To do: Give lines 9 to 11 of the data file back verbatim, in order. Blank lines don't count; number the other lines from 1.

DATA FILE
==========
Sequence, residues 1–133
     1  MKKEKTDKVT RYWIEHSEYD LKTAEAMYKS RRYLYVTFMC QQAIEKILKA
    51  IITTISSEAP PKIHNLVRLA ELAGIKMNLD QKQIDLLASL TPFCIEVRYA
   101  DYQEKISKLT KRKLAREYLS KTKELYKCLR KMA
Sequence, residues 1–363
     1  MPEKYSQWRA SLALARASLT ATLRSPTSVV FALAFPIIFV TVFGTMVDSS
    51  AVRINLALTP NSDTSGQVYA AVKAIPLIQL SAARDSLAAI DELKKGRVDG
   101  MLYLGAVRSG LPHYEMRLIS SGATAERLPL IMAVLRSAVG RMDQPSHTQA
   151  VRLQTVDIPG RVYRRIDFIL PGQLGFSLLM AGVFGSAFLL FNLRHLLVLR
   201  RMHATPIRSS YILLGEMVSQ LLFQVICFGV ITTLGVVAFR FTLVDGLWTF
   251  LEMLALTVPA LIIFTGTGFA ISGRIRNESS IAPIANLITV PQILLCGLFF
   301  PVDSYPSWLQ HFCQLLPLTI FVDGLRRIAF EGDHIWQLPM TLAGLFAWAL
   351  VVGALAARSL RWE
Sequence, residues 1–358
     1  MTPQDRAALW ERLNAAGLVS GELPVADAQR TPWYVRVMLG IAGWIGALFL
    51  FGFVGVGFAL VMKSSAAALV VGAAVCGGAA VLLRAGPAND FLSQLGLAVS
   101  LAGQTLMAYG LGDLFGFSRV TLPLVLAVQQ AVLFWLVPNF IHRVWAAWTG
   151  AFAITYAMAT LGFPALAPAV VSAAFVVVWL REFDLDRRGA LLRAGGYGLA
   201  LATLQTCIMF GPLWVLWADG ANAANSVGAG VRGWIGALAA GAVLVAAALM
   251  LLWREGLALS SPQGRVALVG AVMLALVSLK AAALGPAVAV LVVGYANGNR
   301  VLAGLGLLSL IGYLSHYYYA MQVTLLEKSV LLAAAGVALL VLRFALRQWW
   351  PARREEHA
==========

   151  VRLQTVDIPG RVYRRIDFIL PGQLGFSLLM AGVFGSAFLL FNLRHLLVLR
   201  RMHATPIRSS YILLGEMVSQ LLFQVICFGV ITTLGVVAFR FTLVDGLWTF
   251  LEMLALTVPA LIIFTGTGFA ISGRIRNESS IAPIANLITV PQILLCGLFF